01: In accounts of prominent political conservatives who have recently converted to Roman Catholicism, the name of Fr. C. John McCloskey often makes an appearance.
McCloskey, director of the Washington, D.C. archdiocese Catholic Information Center, is an Opus Dei priest who has been instrumental in the conversions of such figures on the right as failed Supreme Court nominee Robert Bork, “Crossfire” co-host Robert Novak, Republican Sen. Sam Brownback of Kansas, economist Larry Kudlow and pro-lifer Bernard Nathanson.
McCloskey’s success in tutoring prospective converts may lie in his staunchly orthodox doctrinal approach along with his openness to free-market conservatism. McCloskey’s connections and proximity to Washington’s media elite has made him the “go-to” cleric for producers seeking an orthodox take on such issues as the church’s sex abuse crisis.
(Source: National Catholic Reporter, Sept. 5)
02: Off The Map is one of a number of new outreach efforts that soft sells evangelical Christianity by emphasizing dialogue over debate and confrontation.
The ministry seeks to help Christians connect with non-Christians through its downplaying of preaching and direct conversion. The ministry leads conferences to train evangelicals how not to engage in evangelism, using video clips of interviews with non-Christians who explain the insensitivity and hypocrisy they encounter among evangelicals. This approach may view feeding the hungry as a way of preaching the evangelical gospel — a position many evangelicals view as diluting and de-emphasizing the doctrinal content of the faith.
(Source: Dallas Morning News, Sept. 13)
03: The recent formation of the Church of Craft is another example of a “free religion” that syncretizes art and spirituality and creates new faiths on an ad hoc and often non-dogmatic basis [see May RW for more on this trend].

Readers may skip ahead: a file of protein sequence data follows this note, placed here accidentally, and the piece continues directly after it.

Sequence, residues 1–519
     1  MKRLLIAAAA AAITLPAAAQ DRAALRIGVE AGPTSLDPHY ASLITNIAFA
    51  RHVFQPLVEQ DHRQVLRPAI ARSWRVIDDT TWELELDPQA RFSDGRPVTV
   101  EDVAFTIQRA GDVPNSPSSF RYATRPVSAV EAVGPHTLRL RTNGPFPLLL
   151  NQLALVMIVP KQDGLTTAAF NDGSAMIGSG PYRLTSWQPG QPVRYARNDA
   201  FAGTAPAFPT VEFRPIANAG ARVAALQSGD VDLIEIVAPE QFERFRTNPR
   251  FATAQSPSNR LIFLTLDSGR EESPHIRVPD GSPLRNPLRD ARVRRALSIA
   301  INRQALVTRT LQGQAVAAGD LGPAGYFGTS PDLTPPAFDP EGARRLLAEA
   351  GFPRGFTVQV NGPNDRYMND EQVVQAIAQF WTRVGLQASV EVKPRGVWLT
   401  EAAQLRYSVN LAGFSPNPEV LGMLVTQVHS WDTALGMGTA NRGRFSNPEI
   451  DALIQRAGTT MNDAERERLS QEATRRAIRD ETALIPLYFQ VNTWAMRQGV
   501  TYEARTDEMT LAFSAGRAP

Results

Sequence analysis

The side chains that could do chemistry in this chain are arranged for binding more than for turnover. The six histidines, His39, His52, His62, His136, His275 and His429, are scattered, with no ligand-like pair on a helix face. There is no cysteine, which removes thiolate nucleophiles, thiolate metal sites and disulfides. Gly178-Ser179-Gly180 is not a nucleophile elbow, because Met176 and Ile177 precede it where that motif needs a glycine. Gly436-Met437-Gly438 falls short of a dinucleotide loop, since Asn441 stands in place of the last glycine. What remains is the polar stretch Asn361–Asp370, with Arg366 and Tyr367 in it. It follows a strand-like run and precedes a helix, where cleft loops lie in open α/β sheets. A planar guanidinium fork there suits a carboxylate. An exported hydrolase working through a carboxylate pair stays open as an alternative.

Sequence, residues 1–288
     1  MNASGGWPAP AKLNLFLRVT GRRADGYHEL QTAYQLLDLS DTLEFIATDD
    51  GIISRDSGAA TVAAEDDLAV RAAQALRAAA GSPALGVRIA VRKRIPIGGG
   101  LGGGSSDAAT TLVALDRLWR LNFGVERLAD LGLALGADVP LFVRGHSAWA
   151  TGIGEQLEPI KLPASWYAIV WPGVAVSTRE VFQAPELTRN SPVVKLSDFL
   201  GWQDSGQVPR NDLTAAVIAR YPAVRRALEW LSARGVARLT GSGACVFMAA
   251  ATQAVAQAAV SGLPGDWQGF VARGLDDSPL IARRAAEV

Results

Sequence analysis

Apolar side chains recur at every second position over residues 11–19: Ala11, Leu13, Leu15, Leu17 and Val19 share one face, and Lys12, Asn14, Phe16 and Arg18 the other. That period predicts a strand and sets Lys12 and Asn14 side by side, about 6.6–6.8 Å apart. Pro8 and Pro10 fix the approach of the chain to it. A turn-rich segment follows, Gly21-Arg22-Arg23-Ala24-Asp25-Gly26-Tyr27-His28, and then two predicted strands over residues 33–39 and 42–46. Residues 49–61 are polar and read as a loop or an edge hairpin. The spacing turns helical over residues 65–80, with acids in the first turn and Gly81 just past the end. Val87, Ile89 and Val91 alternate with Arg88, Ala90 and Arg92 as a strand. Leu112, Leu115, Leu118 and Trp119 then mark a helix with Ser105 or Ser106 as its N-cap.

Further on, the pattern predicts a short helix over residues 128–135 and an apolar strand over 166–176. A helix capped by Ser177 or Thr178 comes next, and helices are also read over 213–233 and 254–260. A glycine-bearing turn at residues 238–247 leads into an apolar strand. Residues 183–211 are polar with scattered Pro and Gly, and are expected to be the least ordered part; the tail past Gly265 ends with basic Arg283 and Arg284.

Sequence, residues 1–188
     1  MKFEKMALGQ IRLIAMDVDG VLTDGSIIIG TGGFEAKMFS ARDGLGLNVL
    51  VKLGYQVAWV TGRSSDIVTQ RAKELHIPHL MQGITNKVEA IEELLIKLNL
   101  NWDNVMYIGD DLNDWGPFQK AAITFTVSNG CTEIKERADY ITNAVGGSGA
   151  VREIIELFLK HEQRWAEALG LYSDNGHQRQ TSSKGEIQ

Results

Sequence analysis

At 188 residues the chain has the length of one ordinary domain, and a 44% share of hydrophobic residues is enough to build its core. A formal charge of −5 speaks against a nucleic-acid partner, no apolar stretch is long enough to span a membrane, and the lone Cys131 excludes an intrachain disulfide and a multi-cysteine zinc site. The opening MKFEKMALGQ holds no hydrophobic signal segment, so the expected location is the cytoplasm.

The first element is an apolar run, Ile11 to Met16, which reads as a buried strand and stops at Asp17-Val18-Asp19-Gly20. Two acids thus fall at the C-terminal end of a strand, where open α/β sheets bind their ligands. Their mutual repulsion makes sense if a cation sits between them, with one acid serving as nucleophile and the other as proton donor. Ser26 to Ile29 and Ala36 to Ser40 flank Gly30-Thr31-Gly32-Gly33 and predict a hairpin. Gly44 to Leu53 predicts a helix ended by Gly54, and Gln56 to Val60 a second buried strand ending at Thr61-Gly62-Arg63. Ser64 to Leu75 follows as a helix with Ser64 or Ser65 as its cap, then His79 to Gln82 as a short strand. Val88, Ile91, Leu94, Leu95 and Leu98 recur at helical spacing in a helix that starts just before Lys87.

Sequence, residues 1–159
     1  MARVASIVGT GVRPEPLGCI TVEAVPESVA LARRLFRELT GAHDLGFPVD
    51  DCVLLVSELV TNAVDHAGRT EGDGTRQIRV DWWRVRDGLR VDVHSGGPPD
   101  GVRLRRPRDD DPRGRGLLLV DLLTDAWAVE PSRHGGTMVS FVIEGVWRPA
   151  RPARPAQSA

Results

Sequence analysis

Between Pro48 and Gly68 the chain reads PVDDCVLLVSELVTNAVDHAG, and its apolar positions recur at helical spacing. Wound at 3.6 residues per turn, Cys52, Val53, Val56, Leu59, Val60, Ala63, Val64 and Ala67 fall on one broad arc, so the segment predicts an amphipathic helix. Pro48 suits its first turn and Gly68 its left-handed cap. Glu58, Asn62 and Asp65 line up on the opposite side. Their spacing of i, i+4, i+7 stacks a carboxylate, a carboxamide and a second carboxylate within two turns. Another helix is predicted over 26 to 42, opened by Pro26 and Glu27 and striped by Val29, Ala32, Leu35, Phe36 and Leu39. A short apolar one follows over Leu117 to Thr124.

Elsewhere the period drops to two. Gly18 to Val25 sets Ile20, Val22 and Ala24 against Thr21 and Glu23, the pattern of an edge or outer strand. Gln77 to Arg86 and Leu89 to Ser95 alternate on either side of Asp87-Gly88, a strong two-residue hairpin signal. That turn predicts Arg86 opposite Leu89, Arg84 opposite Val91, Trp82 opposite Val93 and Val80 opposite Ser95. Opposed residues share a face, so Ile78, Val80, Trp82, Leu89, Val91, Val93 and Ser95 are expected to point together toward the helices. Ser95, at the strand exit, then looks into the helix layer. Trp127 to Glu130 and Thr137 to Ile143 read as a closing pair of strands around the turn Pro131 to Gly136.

As its name implies, the church is based on the practice of arts and crafts, viewing creativity and self-expression as a form of spirituality. The church, started about three years ago, now has branches in New York, San Francisco, Los Angeles, Seattle, Montreal and Stockholm, among other cities.
Like other free religions, founders of the group started conducting weddings and other rituals as performance art but then realized that they raised questions of spiritual meaning for participants. The group has few of the trappings of traditional religions, such as prayer and sermons, but its meetings, often held on Sundays, create a sense of community and the art and craft work is seen as a “non-denominational spiritual practice.” The church is seeking legal recognition to clarify their tax status as an official church.
(Source: New York Times, Sept. 20; Church of Craft’s website is: http://www.churchofcraft.org)
04: Revolve is a new kind of Bible as it is packaged as a glossy magazine aimed at girls aged 12-17.
Mimicking a teen pop-culture magazine, Revolve is published by the youth division of the evangelical Nashville-based Thomas Nelson publishers. The biblical text (from the New Century Version–known as an “easy reading” translation) is surrounded by color photos and chatty sidebars with splashy headlines. The stress on being “extreme,” which has gained a place in many evangelical youth ministries, marks Revolve’s attempt at relevance, frequently using words such as “radical” “risk-takers,” “raw” and “out-on-a-limb.”
At the same time, standard moral and evangelical advice is offered in blurbs surrounding the biblical text, such as: the “Top Ten random things to know about being a `Revolve’ (magazine) girl — don’t call guys, maintain good posture, “don’t kiss and tell.”
(Source: Courier-Journal, Sept. 16)
05: Meditainment Ltd. is the one of the first and most ambitious computer-aided meditation programs.
The London-based company packages meditation aids via computer (at its site:http://www.meditainment.com) video tapes, CDs, DVDs and big screen presentations. The company’s “programs held in cinemas in England have drawn many to its “communal meditation” sessions. The programs feature calming, complative music, sounds (such as birds chirping) and are secular, promoting no spirituality and religion.
In fact, founder Richard Latham, a wealthy British web designer says that he is “simplifying meditation, making it quick, easy and pleasurable.”
(Source: The Globe and Mail, Sept. 20)